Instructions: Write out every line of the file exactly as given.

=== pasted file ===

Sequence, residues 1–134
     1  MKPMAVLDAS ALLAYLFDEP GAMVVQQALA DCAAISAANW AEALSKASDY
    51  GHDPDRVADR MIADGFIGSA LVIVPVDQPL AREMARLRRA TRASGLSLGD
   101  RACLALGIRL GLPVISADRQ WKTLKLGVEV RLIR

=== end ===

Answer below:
Sequence, residues 1–134
     1  MKPMAVLDAS ALLAYLFDEP GAMVVQQALA DCAAISAANW AEALSKASDY
    51  GHDPDRVADR MIADGFIGSA LVIVPVDQPL AREMARLRRA TRASGLSLGD
   101  RACLALGIRL GLPVISADRQ WKTLKLGVEV RLIR